In the wake of the recent Boston Marathon bombings, West New York was thrust into the national media spotlight when it was discovered that the sister of the suspected terrorists, Ailina Tsarnaev, lives in an apartment only blocks from Town Hall.
Within the local police department, which was tasked with securing the perimeter around Tsarnaev’s building, there was a feeling that something more could be done. When news spread throughout the police community that departments throughout the country would be sending delegations to attend the funeral of fallen Massachusetts Institute of Technology (MIT) police officer Sean Collier, who was killed by the bombing suspects as they attempted to escape Boston, the department’s honor guard sprang into action.
“I received a lot of calls from members of the guard about whether or not we might get a group together to go up there,” said Sergeant Marcos Garciga, who heads the honor guard. “A lot of officers expressed a desire to take part.”
So in the wee hours of the morning on April 24, nine members of the department’s color guard packed into a 15-person van and drove the four and a half hours to MIT’s Cambridge campus, where a memorial service was to be held for Collier. Over 10,000 people attended, many of whom were members of law enforcement agencies and the various branches of the armed forces.
“The atmosphere was very mixed,” said Detective Henry Codina. “It’s tough any time a fellow officer makes that ultimate sacrifice, but it was also really nice to see the support.”
Codina mentioned meeting police officers from not only the United States, but also Canada and Ireland. Additionally, the group met the honor guard from Newtown, Conn., scene of a deadly school shooting on Dec. 14.
“It’s a bit sad that it takes something as tragic as this to bring people together,” he said, “but in all my years of serving on the honor guard I’ve never seen anything that powerful.”
Officer Madelyn LaBoy, who handled the planning of the trip, called the experience “humbling.
“Seeing all the officers that had come from so far away, it was very humbling,” she said. “It sort of shows that we’re a big family, no matter where you’re from or who you know.”
She also noted that the department’s attendance was meant to be in support of Collier’s family as much as for the city of Boston itself.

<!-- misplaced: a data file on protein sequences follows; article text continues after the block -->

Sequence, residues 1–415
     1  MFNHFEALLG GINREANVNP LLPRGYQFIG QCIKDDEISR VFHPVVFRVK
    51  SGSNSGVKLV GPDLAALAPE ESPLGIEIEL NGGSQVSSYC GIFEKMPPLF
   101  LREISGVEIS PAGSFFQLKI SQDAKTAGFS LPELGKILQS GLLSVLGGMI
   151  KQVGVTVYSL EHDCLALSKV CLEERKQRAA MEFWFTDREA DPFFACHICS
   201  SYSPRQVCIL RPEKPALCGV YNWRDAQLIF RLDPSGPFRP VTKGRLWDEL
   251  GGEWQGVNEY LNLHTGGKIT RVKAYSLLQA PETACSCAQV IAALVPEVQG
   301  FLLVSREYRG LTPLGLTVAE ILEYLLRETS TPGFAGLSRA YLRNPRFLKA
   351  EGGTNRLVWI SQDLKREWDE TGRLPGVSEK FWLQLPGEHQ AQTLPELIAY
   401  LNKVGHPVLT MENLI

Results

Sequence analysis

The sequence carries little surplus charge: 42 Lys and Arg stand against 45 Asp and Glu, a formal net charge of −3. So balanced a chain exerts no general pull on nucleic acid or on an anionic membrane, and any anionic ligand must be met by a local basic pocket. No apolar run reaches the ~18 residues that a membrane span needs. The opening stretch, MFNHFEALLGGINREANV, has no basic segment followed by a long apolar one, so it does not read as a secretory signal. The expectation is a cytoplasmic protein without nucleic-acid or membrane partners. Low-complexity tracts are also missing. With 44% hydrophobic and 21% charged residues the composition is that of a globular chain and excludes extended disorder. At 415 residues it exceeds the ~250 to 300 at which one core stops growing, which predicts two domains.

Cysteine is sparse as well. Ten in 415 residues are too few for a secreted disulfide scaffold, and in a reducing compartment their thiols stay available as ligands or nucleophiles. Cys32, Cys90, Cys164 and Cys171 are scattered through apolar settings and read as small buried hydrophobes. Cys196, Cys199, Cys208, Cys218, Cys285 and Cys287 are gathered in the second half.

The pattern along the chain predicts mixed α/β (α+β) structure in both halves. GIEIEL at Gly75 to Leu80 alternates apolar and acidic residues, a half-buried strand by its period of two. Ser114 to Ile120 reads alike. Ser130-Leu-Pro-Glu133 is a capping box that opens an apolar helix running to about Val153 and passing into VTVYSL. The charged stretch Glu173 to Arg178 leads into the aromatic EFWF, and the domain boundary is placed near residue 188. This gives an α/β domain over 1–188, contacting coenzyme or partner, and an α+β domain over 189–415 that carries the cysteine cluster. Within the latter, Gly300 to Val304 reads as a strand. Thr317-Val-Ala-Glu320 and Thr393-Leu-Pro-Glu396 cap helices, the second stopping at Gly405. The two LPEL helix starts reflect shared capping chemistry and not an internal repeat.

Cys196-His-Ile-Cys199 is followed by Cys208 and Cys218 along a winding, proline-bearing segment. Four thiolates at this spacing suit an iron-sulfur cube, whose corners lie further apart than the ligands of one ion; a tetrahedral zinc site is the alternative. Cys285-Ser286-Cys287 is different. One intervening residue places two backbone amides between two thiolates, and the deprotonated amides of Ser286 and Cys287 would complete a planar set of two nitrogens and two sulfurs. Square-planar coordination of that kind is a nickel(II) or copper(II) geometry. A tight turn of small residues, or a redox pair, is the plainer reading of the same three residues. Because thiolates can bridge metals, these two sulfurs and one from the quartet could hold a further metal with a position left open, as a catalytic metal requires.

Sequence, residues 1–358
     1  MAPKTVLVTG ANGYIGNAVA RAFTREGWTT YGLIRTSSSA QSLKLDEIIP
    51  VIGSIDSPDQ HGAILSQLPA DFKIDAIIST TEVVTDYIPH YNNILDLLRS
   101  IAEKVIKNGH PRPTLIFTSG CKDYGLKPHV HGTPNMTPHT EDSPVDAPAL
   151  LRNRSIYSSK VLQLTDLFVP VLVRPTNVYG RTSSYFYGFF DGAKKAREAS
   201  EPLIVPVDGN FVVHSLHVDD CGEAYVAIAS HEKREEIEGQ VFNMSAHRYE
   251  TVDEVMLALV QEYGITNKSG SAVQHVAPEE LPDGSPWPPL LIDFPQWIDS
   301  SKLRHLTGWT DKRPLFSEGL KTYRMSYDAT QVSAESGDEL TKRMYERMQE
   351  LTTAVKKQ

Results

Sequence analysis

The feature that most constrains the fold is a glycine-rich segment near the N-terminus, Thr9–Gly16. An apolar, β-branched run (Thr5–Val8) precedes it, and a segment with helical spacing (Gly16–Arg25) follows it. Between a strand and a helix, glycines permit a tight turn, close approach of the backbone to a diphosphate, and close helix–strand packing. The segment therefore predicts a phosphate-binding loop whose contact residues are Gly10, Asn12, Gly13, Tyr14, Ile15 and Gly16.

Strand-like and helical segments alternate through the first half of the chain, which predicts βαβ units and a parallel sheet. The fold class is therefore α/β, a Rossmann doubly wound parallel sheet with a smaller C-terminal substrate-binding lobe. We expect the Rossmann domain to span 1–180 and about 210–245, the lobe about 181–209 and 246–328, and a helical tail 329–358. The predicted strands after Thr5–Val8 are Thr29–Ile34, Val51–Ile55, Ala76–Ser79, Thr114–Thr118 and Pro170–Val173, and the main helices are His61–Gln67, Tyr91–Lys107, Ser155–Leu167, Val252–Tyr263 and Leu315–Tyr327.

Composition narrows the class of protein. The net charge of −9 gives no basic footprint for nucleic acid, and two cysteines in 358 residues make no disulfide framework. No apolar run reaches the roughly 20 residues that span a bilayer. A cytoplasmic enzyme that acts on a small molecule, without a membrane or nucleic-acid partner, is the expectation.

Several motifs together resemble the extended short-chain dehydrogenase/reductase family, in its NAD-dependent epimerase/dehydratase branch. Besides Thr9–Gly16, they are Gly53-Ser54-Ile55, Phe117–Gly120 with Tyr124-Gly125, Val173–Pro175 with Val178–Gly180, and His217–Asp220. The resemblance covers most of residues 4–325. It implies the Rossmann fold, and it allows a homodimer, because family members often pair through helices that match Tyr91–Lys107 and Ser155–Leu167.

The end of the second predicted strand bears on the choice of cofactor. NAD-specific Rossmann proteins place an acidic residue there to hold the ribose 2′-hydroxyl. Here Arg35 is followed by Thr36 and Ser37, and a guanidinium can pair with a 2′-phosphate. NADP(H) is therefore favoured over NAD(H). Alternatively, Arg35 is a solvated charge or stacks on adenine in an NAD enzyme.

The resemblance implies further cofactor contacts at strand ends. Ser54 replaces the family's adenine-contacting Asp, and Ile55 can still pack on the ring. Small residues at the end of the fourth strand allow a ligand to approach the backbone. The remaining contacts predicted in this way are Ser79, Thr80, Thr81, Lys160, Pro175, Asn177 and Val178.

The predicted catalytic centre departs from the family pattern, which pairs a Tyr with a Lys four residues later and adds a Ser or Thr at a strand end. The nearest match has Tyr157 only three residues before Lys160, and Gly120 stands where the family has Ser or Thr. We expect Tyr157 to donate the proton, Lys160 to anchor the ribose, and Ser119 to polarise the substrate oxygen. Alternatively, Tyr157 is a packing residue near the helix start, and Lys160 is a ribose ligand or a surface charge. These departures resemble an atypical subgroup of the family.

“It’s tough any time a fellow officer makes that ultimate sacrifice, but it was also really nice to see the support.” – Detective Henry Codina
Garciga, who has served on the honor guard for over 10 years, said that he thought the most touching moment of the ceremonies was a speech given by Vice President Joseph Biden, who told the audience, “We have suffered, we are grieving, but we are not bending.”
“I’ve participated in hundreds of events with the honor guard, but I can’t recall anything that memorable,” said Garciga.
Robert Rogers, Collier’s biological brother, told the New York Times that he was honored by the attendance of Collier’s other brothers – members of the law enforcement community, most of whom Collier had never even met.
“People ask me, ‘If Sean were here, what would he think?’ Are you kidding me? He would love this,” Mr. Rogers told the Times. “You’ve got sirens, flashing lights, formations, people saluting, bagpipes, taps, the American flag. He would have loved it.”
Reactions from home
Asked if any other attendees had questioned the West New York officers about their role in securing Tsarnaev’s apartment, Detective Yousef Awadallah said it never even came up.
“No one was really thinking about that, it wasn’t really the time,” he said. “Everyone was very focused on the event.”
According to Garciga, a photo of the West New Yorkers at the ceremony circulated quickly throughout the department, and many officers have since thanked the honor guard for participating.
“We’ve gotten a really positive reaction from the force,” he said. “Everyone’s very thankful and full of pride that we were able to represent the town and the force.”
Some of the officers attended said that the experience was also somewhat of a reality check about officer safety. When he was killed, Collier had been sitting in his patrol car, and was shot before he could draw his gun.
“A lot of the times, when pedestrians walk up to us in our cars, we roll the windows right down,” said Garciga. “He was a sitting duck. It reminds us we can never let our guard down.”
Codina echoed the sentiment.
“Sometimes officers can get complacent with their own level of safety,” he said. “When something like this happens, you realize things about your own performance on the job you may not have realized before.”
Garciga thanked local businessmen Edwin Sheikh and Alex Marrero for covering the group’s transportation and food costs, the town’s Police Benevolent and Police Supervisor’s Associations (PBA and PSA), as well as the department itself for helping to arrange for the honor guard officers to take the day off to attend Collier’s memorial service.
Dean DeChiaro may be reached at firstname.lastname@example.org